Non-Western Migration Regimes is a 4-year research project funded by the European Commission H2020 MSCA-IF and University of Helsinki Three-Year Grants, and conducted at the Aleksanteri Institute, University of Helsinki in 2018-2022. The project is led by Dr. Rustamjon Urinboyev.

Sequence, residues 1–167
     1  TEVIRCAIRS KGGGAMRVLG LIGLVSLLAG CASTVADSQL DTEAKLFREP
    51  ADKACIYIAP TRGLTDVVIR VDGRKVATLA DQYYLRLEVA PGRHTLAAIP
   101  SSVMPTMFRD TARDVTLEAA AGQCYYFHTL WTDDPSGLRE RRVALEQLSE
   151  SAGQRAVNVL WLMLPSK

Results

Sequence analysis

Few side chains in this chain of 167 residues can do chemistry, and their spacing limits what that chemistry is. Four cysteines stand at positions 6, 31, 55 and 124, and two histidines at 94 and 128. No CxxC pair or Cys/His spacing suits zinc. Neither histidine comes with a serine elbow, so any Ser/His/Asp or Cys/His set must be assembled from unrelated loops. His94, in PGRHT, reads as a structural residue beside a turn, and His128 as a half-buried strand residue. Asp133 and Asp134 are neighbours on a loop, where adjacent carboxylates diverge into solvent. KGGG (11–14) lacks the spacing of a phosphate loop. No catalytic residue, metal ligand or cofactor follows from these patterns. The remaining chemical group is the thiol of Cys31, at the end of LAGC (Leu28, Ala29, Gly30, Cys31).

The overall purpose of this project is to contribute new theoretical insights and empirical material to scholarly debates on migrant legal adaptation and incorporation. The mainstream literature on migrant legal adaptation (and more generally, migration studies scholarship) is based on the case studies of immigrant communities in Western-type democracies. Yet, we know relatively little about how migrants adapt to a new legal environment in the ever-growing hybrid political regimes (“non-Western migration regimes”, broadly conceived) that are neither clearly democratic nor conventionally authoritarian. Given the differences in governance and legal cultures, we cannot assume that immigrant adaptation frameworks constructed in Western contexts equally apply within the context of hybrid political regimes, where migrants do not experience the rule-of-law and functional institutions, but rather produce new forms of informal governance and legal orders. This project argues that in hybrid regime contexts migrants are not passive entities. Rather, migrants do have agency and use that agency and the opportunities provided by a weak rule-of-law and a corrupt political system to negotiate using informal channels to access employment and other opportunities that are limited or hard to obtain in the current legal framework of the host country. These processes are investigated through a [comparative] ethnographic study of migrant legal adaptation strategies in Russia and Turkey.